Something happened when I crossed the 30-year-old threshold. All of a sudden, my hard core ski friends had a new obsession: Skate skiing.
With the high-output side of Nordic skiing, it combines the adrenaline of downhill with a trail run-like lung burn, all while balancing on toothpicks.
It’s accessible pretty much anywhere there’s winter and it’s better when it’s not a powder day. Even if you’re not fully ready to convert to nordorkism, it’s the best brand of fitness you can get in the winter.
Here’s all of the basic gear you need to get started.
Skis: Rossignol Zymax Skating NIS ($230)
Rossignol’s Zymax Skating NIS brings the brand’s World Cup racing technology into an entry level ski, so it’s light and nimble, but has a slightly softer flex, which makes it more forgiving on tight corners and tricky uphills. This means you’ll be fast and efficient, but not totally out of control. The ski is stable and it tracks well, thanks to a tiny bit of sidecut, which is nice when you’re just getting started. Make sure to pair it with boots and bindings that are compatible with each other.
Poles: Leki CC 2.6 Carbon ($90)
Unlike alpine skiing (where poles are pretty negligible) poles are a critical part of nordic skiing. You want your poles to be long and strong, so you can use your arms to propel you forward. Strong and stiff, with comfortable cork grips so your hands won’t cramp in the cold. The Leki CC 2.6 Carbon is made from carbon composite, so you have the lightness and stiffness of carbon without the price. They’ll save you energy on long slogs, which makes a difference when you’re going for more than a few kilometers.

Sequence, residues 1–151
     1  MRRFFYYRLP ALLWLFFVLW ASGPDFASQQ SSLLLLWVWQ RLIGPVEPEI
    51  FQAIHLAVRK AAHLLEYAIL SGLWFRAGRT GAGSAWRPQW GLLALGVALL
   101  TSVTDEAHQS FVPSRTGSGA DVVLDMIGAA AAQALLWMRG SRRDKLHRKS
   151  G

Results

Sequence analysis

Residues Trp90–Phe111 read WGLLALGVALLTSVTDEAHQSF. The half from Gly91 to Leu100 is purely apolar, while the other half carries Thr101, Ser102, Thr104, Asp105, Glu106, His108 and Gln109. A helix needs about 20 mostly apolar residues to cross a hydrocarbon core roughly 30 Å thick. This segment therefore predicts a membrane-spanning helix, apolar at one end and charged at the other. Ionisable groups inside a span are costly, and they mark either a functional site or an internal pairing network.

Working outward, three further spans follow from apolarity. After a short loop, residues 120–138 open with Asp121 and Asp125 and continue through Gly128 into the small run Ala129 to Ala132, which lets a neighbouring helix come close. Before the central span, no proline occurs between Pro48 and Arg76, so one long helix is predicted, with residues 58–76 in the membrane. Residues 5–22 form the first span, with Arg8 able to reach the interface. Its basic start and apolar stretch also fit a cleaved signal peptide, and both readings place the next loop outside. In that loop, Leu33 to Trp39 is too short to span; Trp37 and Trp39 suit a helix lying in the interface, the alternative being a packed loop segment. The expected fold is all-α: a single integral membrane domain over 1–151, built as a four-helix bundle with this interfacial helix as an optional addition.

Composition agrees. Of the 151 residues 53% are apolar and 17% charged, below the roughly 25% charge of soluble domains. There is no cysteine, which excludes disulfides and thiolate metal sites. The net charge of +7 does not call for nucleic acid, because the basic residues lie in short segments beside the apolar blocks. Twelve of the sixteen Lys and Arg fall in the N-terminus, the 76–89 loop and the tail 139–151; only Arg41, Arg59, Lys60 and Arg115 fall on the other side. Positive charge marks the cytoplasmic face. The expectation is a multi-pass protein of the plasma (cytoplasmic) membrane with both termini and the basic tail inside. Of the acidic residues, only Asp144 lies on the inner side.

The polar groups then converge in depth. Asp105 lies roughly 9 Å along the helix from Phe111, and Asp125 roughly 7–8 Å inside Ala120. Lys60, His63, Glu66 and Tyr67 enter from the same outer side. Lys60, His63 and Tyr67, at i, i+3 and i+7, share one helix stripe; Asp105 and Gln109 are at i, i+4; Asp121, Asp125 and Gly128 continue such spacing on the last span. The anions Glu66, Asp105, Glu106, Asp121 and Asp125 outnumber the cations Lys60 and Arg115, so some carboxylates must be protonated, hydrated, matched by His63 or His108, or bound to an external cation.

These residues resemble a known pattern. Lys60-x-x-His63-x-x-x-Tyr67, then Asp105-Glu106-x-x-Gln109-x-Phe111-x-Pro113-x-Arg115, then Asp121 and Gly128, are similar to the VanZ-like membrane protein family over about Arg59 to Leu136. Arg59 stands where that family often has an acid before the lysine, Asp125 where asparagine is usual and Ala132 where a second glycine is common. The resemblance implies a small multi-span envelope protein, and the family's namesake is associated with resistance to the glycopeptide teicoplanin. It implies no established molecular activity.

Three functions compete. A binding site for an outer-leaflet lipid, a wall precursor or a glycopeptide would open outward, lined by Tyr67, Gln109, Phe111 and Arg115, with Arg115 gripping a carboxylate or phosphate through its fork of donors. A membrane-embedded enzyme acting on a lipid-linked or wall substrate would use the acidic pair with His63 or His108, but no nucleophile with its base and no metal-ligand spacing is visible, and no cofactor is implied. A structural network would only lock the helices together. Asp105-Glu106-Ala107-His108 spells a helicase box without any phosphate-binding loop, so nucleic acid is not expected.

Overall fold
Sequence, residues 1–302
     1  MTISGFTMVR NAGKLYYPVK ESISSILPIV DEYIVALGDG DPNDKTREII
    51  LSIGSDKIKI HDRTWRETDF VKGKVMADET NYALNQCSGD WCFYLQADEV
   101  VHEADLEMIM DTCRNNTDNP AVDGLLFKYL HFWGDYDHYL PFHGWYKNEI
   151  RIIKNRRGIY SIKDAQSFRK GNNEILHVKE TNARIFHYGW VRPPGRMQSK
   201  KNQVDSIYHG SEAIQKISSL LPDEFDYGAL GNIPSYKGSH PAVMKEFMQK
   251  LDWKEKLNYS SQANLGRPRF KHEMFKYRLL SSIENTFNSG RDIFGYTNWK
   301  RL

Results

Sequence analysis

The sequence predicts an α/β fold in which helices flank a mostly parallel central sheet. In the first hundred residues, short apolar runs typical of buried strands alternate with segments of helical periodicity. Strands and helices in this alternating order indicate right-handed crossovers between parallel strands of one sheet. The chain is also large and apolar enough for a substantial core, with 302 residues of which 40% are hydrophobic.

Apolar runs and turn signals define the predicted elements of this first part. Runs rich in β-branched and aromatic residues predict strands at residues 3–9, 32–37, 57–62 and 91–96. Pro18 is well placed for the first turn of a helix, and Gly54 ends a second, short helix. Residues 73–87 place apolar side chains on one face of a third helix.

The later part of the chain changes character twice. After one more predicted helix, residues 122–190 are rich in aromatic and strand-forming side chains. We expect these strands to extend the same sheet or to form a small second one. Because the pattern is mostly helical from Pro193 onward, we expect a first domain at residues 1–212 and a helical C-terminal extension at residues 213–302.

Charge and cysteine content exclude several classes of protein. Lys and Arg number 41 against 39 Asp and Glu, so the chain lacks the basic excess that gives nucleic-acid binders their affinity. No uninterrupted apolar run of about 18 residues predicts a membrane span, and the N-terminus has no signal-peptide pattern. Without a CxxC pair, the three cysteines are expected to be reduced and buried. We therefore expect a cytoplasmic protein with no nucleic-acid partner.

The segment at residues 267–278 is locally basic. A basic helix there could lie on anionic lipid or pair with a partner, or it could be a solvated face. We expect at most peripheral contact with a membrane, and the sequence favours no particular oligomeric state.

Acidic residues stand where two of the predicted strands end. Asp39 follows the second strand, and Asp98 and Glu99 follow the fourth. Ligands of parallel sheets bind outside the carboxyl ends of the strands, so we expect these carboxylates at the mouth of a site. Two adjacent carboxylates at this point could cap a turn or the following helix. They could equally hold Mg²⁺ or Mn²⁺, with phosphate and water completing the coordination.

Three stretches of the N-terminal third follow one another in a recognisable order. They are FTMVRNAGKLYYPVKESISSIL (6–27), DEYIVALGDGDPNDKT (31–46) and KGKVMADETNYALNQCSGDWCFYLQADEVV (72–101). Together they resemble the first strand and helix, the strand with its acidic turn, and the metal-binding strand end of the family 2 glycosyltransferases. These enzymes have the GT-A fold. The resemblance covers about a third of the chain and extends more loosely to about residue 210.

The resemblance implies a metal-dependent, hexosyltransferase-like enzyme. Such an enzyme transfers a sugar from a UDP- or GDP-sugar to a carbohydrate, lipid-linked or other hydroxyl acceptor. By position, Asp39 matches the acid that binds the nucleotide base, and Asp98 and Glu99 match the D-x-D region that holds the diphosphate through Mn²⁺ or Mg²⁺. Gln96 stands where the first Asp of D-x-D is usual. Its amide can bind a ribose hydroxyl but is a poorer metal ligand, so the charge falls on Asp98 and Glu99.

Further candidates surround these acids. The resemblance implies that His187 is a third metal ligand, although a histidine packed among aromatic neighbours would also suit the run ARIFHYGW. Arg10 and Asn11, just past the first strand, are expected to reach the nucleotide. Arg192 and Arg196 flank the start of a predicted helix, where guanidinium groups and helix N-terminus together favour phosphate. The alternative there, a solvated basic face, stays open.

Hats/Headbands/Neckwarmers: Skida Tour ($20)
You’re bound to hit that tricky thermal zone where you’re sweating bullets and it’s freezing out. To keep you warm and wick-ed (without overheating) check out Skida’s line of Nordic hats, headbands and neckwarmers. The thin breathable Tour can act as any of the three. Plus, it gives you some nordy flair. Skida was started by a Vermont ski racer, Corinne Prevot, who made hats for her friends and teammates while she was in college, and her gear became a cult favorite.
Pants: Craft Voyage Wind Tights ($100)
Layering can be hard for skating, because your body temperature will vary so much. A breathable but still element-proof pair of pants, like Craft’s Voyage Wind Tights (which are windproof in the front, but stretchy and breathable in the back) hit the middlepoint of speed and protection. If you don’t like the idea of tights, they also make slightly less formfitting options, like Voyage Pants. But if you’re really embracing this nordy thing, tights are the way to go.
Gloves: Swix Split Mitt ($40)
Hand temperature is a key to winter comfort, and it’s hard to know which is worse: popsicle fingers or swalms (that would be sweaty palms). The lobster claw-style Swix Split Mitt combines everything good about gloves and mittens into one Primaloft-insulated package. Plus, the thumb has a soft spot for snot wiping, which we’ve professionally analyzed as being not gross. Perfect on chilly days and warmer ones, too.
Pack: Salomon S-Lab Insulated Hydro Belt ($100)
Skate skiing might be the only venue where you can unabashedly rock a fanny pack (and where you might get hazed for wearing a backpack instead). The Salomon S-Lab Insulated Hydro Belt, keeps your water, shades and snacks close to your body without bouncing around or making your butt sweaty.
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